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Opinion: Debunking myths about electrification image by petovarga.

By David S. Lapp

The writer is Maryland People’s Counsel, the head of an independent state agency that advocates for Maryland’s residential utility customers.

The March 10 commentary “More than consumer choice” amplifies several false or unsupported myths the fossil fuel industry is propagating to preserve the status quo, to the detriment of Maryland’s consumers and the state’s achievement of its climate goals. What the petroleum distributors don’t mention is that electric technologies are outperforming fossil technologies and provide the least-cost path for reaching state climate policy goals, according to technical analyses performed for the Maryland Commission on Climate Change and for my office — the statutory representative of Maryland’s utility customers.

Among its errors, the commentary argues without support that “our electric grid cannot handle the demand” of electrification. That is the argument that Maryland’s largest gas and electric utility, Exelon-owned Baltimore Gas & Electric, advanced last year to defeat proposals that were initially part of the Climate Solutions Now Act. The argument delays the transition away from fossil fuels and serves as a rationale for accelerating the already high levels of gas and electric utility system spending for which utilities earn profits for their investors.

Another example is the false assertion that Marylanders “depend” on “renewable fuels to heat their homes, cook their food, and more.” Few — if any — Maryland homes use “renewable” gas for heating, cooking, or otherwise. Our November report, Climate Policy for Maryland’s Gas Utilities, shows that alternatives to fossil gas are costly and unavailable at any significant scale. But don’t take my word for it: Even BGE calls their potential a future “hypothesis,” and a NiSource gas executive recently told state regulators that “renewable” gas is “very expensive” and “cost-prohibitive to offer for customers.”

The commentary also pushes back against electrification because of the potential for physical attacks on the electric system. We undoubtedly need to protect the electric system from terrorist attacks, but the frequent explosions caused by fossil fuel use in homes, apartments, and commercial buildings pose a far greater and more immediate threat to customers.

The author also writes that a legislative proposal last year would have put a “ban” on “the use of liquid fuels in our homes and office buildings.” But the “ban” was not a prohibition on fossil fuels but rather an all-electric building code requirement for ­new­ buildings. The provision would have had no impact on existing buildings, which make up the bulk of the State building stock. And it is well-established that all-electric new buildings cost less than those that use fossil fuels — setting aside electrification’s environmental benefits.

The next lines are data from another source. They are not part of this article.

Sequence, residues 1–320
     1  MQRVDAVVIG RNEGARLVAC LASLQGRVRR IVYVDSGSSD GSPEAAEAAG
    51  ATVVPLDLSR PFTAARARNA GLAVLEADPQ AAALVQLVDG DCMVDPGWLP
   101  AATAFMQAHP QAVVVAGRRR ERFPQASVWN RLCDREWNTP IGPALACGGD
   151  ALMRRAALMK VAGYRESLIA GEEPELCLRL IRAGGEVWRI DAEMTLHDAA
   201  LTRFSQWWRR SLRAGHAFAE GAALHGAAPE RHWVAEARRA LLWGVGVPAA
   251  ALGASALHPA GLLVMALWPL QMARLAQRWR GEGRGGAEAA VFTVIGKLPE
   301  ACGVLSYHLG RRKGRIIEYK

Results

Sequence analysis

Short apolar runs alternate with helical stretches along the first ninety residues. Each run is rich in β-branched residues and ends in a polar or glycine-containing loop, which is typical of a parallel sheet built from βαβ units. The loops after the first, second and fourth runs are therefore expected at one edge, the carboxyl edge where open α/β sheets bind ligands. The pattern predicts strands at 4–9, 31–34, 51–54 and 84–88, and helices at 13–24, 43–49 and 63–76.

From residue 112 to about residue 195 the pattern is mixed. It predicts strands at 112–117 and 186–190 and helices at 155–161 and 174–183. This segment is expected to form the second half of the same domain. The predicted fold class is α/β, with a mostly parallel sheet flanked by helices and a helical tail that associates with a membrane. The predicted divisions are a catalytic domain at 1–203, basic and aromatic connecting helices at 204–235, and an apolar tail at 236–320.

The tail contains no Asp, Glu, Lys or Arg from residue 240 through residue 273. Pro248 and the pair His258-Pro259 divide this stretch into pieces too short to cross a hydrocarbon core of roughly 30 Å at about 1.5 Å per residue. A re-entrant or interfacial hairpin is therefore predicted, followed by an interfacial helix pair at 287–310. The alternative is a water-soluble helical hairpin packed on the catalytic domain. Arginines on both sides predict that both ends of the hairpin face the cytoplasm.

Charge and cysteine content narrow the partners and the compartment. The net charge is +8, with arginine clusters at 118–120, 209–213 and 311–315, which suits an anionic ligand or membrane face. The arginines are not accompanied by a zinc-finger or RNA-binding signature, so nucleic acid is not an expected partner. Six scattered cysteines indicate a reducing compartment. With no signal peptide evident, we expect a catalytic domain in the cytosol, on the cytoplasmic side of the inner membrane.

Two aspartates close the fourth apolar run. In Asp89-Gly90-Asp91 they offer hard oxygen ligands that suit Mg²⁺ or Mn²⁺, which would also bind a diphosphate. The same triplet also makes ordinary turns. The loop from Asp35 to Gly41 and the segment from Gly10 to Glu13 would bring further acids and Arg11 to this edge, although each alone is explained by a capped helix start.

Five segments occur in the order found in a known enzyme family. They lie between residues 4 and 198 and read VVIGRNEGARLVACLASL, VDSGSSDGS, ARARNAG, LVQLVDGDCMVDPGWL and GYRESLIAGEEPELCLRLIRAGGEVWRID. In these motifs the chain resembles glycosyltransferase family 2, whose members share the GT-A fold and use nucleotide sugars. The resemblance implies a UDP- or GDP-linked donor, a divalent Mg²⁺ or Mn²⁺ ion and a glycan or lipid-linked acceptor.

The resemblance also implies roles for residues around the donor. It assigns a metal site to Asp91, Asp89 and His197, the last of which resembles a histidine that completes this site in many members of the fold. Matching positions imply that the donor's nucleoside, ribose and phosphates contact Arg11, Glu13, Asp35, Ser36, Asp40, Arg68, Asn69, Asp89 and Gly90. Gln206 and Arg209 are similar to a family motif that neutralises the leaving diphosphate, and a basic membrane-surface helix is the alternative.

Regarding whether the utilities can manage a gradual transition to electrification, it is time to stop the fear-mongering. For one, Maryland’s investor-owned utilities rank very high on key reliability metrics. And with competent utility performance, electrifying our homes and businesses should not put the distribution system at risk:

  • Electrification takes a long time because building stock turns over slowly, allowing time for the system to develop. Our analysis projects a gradual replacement of gas furnaces to electric heat pumps through 2035. That leaves plenty of time for a competent utility to make any necessary changes.
  • In the 1950s and 1960s, Maryland electric utilities managed annual peak demand growth that dwarfs the growth that can be reasonably expected from electrification today. A technical study by The Brattle Group, a consulting firm, for Pepco filed with D.C. regulators concluded that with high electrification “the system will grow at a rate that is … well below growth rates that Pepco has reliably managed in the past.”
  • Demands on Maryland’s electric distribution system are highest on the hottest ­summer­ days when air conditioners are maxed out. As people slowly switch from fossil powered heat to efficient electric heat pumps, demand for electricity in winter will grow, but winter “peak demand” will still be far below—for some time—the summer peak that the electric grid can already handle. It will take many years for winter peak demand to catch up to that in summer. Consistent with other findings, Brattle said Pepco’s winter peak demand would not catch up with summer until 2036.
  • BGE historically has planned and met much greater peak demands than are anticipated today, as we show in a recent report. Almost 20 years ago BGE met demands — and in 2010 it projected demands — substantially higher than are being realized today; demand has dropped as a result of energy efficiency. And since that time, BGE has spent more than $4 billion on its system, and it continues spending at an even faster pace today.

Despite two working groups at the Public Service Commission on the future of the electric system, BGE has not addressed these facts nor provided data to support its claim that electrification will jeopardize the system. Yet, unfortunately, the utility’s ambiguous and broad assertions are perpetuated by others — including the petroleum distributors — seeking to advance their self-interests.

To be clear, the point here is not that investments for electrification will not be necessary. They will be. Nor is the point that every proposal that advances electrification makes good legislation. Some measures advance electrification at a very high and unnecessary cost for customers. What’s needed are laws that advance state policy while ensuring that utilities perform in the interest of customers at least cost, based on facts.


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Opinion: Debunking myths about electrification